|About this Recording
TED HEATH & HIS MUSIC ‘So Easy’
Original 1948-1952 Recordings
Ted Heath not only survived the so-called “Big Band Era” – he prolonged it. Along with his contemporaries such as Ellington, Basie, Brown and Herman, he continued his international popularity through concerts and recordings, even though the “dance band” per se had lost its widespread appeal and venues. In fact, all of those mentioned had been leaders for ten-or-more years before Heath started his own band in 1945.
He was born Edward Heath in Wandsworth, a section of London, in 1902. He reportedly was a trombone prodigy and was busking with his instrument while still very young.
As early as 1936 the Heath trombone was already an ubiquitous presence in the British dance bands. In that year, Hilton Schleman, in his book Rhythm on Record, cited Heath’s participation as a sideman-arranger in the combinations of Ambrose, Lew Davis, Bert Firman, The Four Bright Sparks, Jack Hylton, Howard Jacobs, Syd Lipton, The Rhythm Rascals, and Jay Wilbur.
During WWII he played with Geraldo’s radio band, and then in 1945 – when the dance band industry was beset with competition from new forms of musical entertainment and TV – he formed a band which rose to immense success against the odds, actually prolonging the popularity of the full dance unit, especially in Great Britain.
During the band’s existence it was very popular on radio and for its many personal appearances. Frequent gigs during the 1950s were its concerts at London’s Palladium. It even made it across the Atlantic to make two tours of the US, which were unusual in that the entire combination was present. Previously, Jack Hylton and Ray Noble were compelled to use American musicians. In 1948, the Heath band commenced releasing recordings on the London label, a subsidiary of British Decca, which sold very well in the States. Particularly appealing were those LPs which presented a single composer’s works, i.e., “Kern for Moderns”; “Rodgers for Moderns”; etc.
Critically listening to this compilation of Ted Heath and his Music, one recalls the sounds of the very best American swing bands: Tommy Dorsey, Les Brown, Glenn Miller, Stan Kenton, Jimmy Dorsey, and many others. But the arrangements do not copy, but rather hint – or embellish – by creating a mélange of sounds and styles. Looking at the list of songs, even a true swing band aficionado cannot predict how a particular selection will sound from its title.
Here are some instances. That Heath was a trombone expert shows in the marvelous trombone choir-effect which was a Tommy Dorsey specialty. Les Brown’s arrangement style is represented by the full-range unison sound each instrumental section in-turn displays. Occasionally Glenn Miller’s special colouring of the woodwinds, with the clarinet doubling above the saxophones, can be heard. Dynamics were Kenton’s specialty: Heath employs them liberally. And who could forget Jimmy Dorsey’s tasteful use of the solo alto saxophone, which Heath very frequently uses. And there are also whimsical touches to some pieces.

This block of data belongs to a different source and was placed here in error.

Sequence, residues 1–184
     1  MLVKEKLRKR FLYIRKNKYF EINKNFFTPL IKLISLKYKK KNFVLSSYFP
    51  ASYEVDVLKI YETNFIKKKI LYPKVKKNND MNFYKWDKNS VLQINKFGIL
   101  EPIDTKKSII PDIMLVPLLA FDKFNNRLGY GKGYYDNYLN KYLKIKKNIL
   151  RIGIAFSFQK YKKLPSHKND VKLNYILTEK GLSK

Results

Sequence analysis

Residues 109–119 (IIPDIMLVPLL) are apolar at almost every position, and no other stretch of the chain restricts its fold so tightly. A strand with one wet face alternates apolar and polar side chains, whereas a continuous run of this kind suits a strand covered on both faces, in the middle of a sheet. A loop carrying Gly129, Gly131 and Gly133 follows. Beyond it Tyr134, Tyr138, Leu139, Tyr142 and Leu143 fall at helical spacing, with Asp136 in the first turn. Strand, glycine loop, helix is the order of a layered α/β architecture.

The songs on this album range from classic pop ballads to up-tempo swingers and also include rhythm and mood numbers composed for concert presentation.
For example, the opening and closing tracks show inspiration from earlier Glenn Miller recordings. Blue Skies March is reminiscent of Miller’s quasi-martial arrangement of “St Louis Blues”. The closer, Colonel Bogey (featured in the movie Bridge on the River Kwai), again evokes Miller in style and tempo: this time “American Patrol”. Other Milleresque moments include the woodwinds’ voicing on the melody of With a Song in my Heart (Track 2) and the whimsical co-option of Miller’s introduction to “Chattanooga Choo-Choo” for Heath’s own composition Night Train to Scotland (Track 3).
And speaking of whimsy, note the several counter-melodies in Blue Skies March which are quoted from other compositions such as “Stormy Weather”.
Heath also was fortunate to have exceptional section leaders who could impart strong solos. My Silent Love (Track 8) is indeed reminiscent of Harry James especially in the first chorus. Harlem Nocturne (Track 6) contains passages which resemble Jimmy Dorsey’s alto saxophone solos.
Sidewalks of Cuba (Track 9) is treated unlike its Latin-sounding title, recalling the stylings of Stan Kenton, or perhaps, Woody Herman.
Button Up Your Overcoat (Track 12) is pure Les Brown – at least in the first chorus – and invokes Brown’s arrangement of “Back in Your Own Backyard”, a contemporary 1920s composition.
Compositions, likely intended for concert presentation, are represented by Roumanian Roundabout and Obsession (Tracks 14 and 19), among others.
Heath passed away in 1969, but his band survived – like Basie, Kenton, Miller, Brown, etc. – in various incarnations: the so-called “ghost bands”. In fact, many of Heath’s original musicians gathered together to re-create “His Music” into the 21st Century.
Paul Roth, 2003
Hilton R.Schleman, Rhythm on Record, Melody Maker Ltd., London, 1936.
Roger D. Kinkle, The Complete Encyclopedia of Popular Music and Jazz 1900-1950, Arlington House, New Rochelle, NY, 1974.
The Big Bands Database Plus
Paul Roth, a Florida-based musicologist-archivist, specializes in the dance band culture, especially the American and British combinations of the 1930s. His personal archive includes over 25,000 selections many of which are on his 7,000-or-so 78s. He produced and hosted “big band” shows on Washington, DC radio in the 1980s and on Florida radio and TV in the 1990s. He lectures on the history of the popular song and is currently writing a series of essays, which he hopes to publish as a book on the “commercial” dance band. To this end he has been taping interviews with bandleaders, vocalists, etc. for over twenty years. Roth is a retired engineer and academician. He is also an amateur woodwind player.
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